Aged just 28, Asimakis Chaniotis has become the youngest Michelin Star chef in London and one of the first two Greeks outside of Greece to receive this prestigious accolade.
Interview: Eleni Donou
About two years ago, Pied à Terre, one of the best restaurants in London, announced the appointment of Athens born and raised Asimakis Chaniotis as its new Head Chef. Having served as sous chef under both Marcus Eaves and Andy McFadden, Asimakis, aged just 28, brings a fresh vision for the future and yet another Michelin star to the critically-acclaimed French restaurant.
How did the love affair with cooking start? And how did you find yourself in London?
Everything started because of my love for food. My mother was and still is a great cook, so I was used to well-prepared food from a very young age. From then on, my interest in food turned into a dream for an illustrious career. I worked in many kitchens, from hotels to restaurants to British pubs to exhibition centers and so on. I even did a stint as private chef on a cruiser. Yet, nothing made me more passionate about cooking than French cuisine with its precision and creativity. To me, it is like an art form. London came about in the form of a personal need, to travel, to break new gastronomic ground. This city has been a real challenge.
How would you describe your cooking style at Pied à Terre?
The restaurant specializes in French cuisine with Greek influences, which I added personally, because of my heritage. I always seek perfection and to me it is very important to use quality, fresh ingredients. I am honored by the fact that the restaurant has a variety of guests, from employees in nearby companies to cooking professionals to people booking tables for special occasions, since Pied à Terre is a unique tasting experience.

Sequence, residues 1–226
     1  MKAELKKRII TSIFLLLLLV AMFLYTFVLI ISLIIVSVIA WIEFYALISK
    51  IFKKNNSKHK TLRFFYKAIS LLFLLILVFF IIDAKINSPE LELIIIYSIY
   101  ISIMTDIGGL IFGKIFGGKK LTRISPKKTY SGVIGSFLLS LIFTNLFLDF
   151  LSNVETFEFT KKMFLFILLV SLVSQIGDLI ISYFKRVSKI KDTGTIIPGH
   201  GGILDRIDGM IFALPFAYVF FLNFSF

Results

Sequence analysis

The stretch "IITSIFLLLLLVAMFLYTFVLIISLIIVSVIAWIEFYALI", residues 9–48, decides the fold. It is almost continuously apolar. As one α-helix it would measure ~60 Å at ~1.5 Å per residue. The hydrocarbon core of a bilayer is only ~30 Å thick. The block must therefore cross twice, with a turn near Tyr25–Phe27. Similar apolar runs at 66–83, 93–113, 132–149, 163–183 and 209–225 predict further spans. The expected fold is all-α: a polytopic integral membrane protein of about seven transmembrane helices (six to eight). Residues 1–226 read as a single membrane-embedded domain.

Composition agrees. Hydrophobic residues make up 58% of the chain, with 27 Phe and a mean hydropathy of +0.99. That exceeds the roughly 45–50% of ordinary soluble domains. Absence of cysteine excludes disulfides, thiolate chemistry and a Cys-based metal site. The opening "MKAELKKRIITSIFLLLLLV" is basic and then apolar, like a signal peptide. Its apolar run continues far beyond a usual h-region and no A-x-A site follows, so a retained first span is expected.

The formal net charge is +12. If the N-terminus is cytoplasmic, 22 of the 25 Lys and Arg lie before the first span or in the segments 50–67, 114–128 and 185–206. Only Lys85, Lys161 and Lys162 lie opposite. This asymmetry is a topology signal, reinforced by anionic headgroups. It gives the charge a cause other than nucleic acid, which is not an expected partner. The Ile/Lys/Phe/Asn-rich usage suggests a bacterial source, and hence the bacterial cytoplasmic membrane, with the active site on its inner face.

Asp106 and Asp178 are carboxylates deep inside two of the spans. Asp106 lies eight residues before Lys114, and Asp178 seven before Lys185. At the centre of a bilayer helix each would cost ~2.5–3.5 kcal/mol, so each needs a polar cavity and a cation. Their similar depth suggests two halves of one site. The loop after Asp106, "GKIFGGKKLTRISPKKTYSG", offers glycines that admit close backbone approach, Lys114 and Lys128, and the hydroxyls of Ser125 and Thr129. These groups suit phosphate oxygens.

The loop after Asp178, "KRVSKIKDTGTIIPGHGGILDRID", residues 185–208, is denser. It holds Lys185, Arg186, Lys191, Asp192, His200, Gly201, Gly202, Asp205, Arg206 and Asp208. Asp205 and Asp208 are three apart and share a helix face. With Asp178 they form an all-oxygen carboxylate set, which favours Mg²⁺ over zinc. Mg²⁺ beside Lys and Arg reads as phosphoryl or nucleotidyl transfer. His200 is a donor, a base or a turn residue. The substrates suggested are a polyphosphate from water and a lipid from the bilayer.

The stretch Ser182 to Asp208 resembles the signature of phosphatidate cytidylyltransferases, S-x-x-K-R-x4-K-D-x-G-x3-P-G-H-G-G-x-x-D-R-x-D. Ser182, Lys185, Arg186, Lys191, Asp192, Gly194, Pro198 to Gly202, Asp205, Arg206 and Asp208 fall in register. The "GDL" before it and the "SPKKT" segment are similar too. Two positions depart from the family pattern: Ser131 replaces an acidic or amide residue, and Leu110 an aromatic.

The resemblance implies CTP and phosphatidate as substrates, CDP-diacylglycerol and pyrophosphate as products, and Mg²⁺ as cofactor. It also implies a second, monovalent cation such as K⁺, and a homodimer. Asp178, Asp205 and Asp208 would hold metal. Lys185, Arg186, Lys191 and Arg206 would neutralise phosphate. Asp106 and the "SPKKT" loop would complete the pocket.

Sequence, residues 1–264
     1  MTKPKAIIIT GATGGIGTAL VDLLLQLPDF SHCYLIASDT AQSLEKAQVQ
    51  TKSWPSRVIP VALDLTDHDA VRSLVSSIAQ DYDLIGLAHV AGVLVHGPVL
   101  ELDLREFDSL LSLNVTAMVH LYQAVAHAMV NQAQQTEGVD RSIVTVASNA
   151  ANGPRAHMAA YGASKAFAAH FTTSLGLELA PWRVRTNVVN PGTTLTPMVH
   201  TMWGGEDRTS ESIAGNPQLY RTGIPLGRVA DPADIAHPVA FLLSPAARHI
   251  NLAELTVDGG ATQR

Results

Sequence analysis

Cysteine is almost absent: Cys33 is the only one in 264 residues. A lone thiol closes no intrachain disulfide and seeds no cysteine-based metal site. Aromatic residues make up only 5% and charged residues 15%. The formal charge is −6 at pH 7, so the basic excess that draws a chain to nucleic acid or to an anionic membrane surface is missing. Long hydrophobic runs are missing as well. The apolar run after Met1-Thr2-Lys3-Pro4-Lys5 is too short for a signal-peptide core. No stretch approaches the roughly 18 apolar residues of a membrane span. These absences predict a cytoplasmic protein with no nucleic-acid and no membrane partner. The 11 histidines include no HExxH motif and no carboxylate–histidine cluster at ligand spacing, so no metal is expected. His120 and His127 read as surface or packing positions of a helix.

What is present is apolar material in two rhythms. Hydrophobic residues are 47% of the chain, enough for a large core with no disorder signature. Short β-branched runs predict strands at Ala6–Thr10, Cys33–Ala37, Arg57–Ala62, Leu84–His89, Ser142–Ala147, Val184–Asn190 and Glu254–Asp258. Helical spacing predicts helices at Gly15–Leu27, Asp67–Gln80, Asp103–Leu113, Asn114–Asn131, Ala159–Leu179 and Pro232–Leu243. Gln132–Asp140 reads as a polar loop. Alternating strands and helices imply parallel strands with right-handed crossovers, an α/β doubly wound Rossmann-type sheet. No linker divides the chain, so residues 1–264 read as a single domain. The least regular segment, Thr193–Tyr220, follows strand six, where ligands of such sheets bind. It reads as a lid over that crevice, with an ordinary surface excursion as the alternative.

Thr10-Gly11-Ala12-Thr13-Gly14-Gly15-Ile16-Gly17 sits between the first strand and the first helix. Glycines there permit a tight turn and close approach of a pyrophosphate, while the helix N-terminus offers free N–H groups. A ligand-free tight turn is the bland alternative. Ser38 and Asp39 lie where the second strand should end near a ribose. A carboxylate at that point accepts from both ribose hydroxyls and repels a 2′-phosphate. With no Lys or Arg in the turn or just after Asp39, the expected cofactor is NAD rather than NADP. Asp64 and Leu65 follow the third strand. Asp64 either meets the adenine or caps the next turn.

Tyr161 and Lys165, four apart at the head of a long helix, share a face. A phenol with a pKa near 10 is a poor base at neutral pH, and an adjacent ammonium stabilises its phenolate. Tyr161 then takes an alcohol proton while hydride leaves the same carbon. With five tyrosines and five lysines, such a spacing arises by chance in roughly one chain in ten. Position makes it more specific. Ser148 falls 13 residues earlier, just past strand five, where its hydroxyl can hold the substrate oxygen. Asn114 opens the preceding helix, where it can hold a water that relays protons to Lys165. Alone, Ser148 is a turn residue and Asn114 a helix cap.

What about your Greek heritage and memories? Do you use Greek products and flavors in your kitchen?
For every chef, memories are very important and definitely inspire his or her dishes. The same goes for me. One vivid memory, as well as my favorite dish is escargots “stifado” my mother used to make pretty often. The restaurant kitchen is inspired by my Greek heritage and my preferences regarding Greek food. Some of the restaurant’s dishes include trahana, bottarga, Greek cheeses and, of course, the family olive oil with which we supply the restaurant.
What are your favorite ingredients, and which is the dish that, in your opinion, stands out?
I think that the most popular dish –and my personal favorite– is the smoked quail with celeriac, truffle, roasted hazelnuts, Parmigiano and confit egg yolk. My favorite ingredient is foie gras.
You are the youngest and first Greek chef to receive a Michelin star nod outside Greece. How does that make you feel?
I felt very proud; all that hard work my team and myself put in was recognized! Every chef dreams and works hard to get a Michelin star. Personally, I am a perfectionist and I feel it is very important to use fresh and top quality products. At the same time, I try to constantly evolve, to use new cooking techniques, to learn more about wine and to create a unique, unforgettable experience for my guests.
Do you think that Greek cuisine can emerge as a strong international trend in the years to come?
Undoubtedly, but we must forgo an obsolete way of thinking which confuses our mother’s cooking with fine dining. These are two different things. We must let ourselves enjoy a special meal of gourmet “pastitsio” without having to compare it with the one we have at home. There are many restaurants that take Greek cuisine forward.
What does the future hold for you?
At this moment, my main goal is to maintain my Michelin star and get a second one, here in London. In the long run, I could, of course, see myself opening my own restaurant in my hometown, Athens. In fact, I would like that very much.